In Orwell's classic novel 1984, Winston Smith lives in the dystopian nation of Oceania, where life is completely controlled by Big Brother and individuality is virtually nonexistent. In this restrictive, totalitarian nation, Winston attempts to maintain his humanity and exercise his independence by carrying on an affair with Julia and renting an apartment above Mr. Charrington's antique shop. In Oceania, nearly everything from the past is viewed as contraband or no longer exists. In Book One, chapter eight, Winston purchases an antique paperweight from Mr. Charrington's shop. Orwell writes,
"What appealed to him about it was not so much its beauty as the air it seemed to possess of belonging to an age quite different from the present one. The soft, rainwatery glass was not like any glass that he had ever seen. The thing was doubly attractive because of its apparent uselessness, though he could guess that it must once have been intended as a paperweight" (121).
The glass paperweight is a remnant of the past and is a delicate, rare piece of art. Winston recognizes that possessing the object could get him arrested but is inspired to purchase the paperweight. Later on, Winston brings the paperweight to the apartment above the antique shop and tells Julia,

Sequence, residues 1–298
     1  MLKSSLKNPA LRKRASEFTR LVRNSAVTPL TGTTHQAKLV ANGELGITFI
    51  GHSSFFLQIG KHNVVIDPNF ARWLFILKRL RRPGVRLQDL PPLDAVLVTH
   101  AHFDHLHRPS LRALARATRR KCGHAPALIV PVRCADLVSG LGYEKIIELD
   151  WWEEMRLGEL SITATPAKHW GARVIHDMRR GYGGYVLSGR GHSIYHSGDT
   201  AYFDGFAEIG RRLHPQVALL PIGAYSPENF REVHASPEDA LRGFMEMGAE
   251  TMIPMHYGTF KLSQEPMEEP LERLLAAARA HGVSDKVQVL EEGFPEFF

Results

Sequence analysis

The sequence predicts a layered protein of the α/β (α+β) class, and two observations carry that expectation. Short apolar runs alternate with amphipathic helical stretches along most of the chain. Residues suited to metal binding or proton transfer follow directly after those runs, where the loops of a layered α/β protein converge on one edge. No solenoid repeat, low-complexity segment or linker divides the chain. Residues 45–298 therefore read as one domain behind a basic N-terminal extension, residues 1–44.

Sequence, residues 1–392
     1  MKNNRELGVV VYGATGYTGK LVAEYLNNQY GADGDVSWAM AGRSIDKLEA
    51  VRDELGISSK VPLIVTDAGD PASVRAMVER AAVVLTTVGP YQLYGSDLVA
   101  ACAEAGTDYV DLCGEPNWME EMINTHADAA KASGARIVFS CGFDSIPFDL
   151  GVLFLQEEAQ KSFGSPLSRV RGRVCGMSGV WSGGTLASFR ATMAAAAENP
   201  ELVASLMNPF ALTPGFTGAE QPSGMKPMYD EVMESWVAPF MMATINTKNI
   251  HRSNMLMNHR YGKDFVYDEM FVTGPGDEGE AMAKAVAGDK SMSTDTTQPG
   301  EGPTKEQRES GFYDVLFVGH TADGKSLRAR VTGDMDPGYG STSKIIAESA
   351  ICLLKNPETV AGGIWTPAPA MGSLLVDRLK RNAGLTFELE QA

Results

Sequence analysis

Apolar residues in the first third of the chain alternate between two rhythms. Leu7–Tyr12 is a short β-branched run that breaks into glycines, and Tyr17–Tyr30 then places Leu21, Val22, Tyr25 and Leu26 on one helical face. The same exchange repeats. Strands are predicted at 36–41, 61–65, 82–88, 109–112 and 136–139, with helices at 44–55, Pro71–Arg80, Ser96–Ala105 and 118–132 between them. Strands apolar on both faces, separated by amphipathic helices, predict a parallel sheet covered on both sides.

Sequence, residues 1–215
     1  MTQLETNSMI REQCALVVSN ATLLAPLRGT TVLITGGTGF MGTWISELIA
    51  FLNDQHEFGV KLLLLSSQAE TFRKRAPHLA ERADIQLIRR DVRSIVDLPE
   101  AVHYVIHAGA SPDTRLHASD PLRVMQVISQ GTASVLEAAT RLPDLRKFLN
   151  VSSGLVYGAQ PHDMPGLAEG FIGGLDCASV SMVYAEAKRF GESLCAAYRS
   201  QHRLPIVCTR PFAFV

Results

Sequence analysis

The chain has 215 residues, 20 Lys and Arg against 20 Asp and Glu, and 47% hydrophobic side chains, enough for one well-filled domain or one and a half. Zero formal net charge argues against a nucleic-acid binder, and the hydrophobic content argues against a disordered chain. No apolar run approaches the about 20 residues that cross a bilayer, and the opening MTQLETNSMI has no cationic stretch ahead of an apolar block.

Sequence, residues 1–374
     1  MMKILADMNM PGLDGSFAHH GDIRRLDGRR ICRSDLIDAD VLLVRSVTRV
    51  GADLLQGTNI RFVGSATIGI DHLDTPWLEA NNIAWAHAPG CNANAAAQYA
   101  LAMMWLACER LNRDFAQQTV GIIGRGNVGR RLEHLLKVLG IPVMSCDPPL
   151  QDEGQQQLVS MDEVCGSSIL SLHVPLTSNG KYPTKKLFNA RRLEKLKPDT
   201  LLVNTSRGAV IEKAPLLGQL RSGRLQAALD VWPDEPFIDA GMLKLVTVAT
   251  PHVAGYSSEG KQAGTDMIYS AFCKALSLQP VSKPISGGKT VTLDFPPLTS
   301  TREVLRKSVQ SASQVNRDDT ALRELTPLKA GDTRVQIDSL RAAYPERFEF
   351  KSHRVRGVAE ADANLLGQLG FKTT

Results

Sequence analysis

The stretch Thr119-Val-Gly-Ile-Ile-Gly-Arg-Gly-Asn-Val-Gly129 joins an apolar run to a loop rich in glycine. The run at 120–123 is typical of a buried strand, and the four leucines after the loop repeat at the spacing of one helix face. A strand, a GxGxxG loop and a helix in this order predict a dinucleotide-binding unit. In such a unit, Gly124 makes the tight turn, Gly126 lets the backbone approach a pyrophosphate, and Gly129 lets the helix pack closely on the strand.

"I don’t think it’s anything—I mean, I don’t think it was ever put to any use. That’s what I like about it. It’s a little chunk of history that they’ve forgotten to alter. It’s a message from a hundred years ago, if one knew how to read it" (Orwell, 183).
Orwell's description and Winston's analysis of the glass paperweight contribute to its symbolic significance. One could argue that the glass paperweight symbolically represents the past before Big Brother and the fragment of coral inside represents Winston's love for Julia. In the dystopian nation of Oceania, the Party is determined to completely erase the past and make joyful human experiences obsolete. Similar to the past, which is constantly manipulated and destroyed by the Party, the glass paperweight is fragile and eventually broken by the Thought Police.
In addition to symbolically representing the past, the glass paperweight also represents Winston and Julia's isolated world inside Charrington's apartment, where they live a fairytale existence before they are arrested. Similar to the coral inside the paperweight, Winston and Julia's love is rare, exotic, and beautiful. Tragically, their relationship ends when they are arrested by the Thought Police and the glass paperweight is shattered into tiny pieces.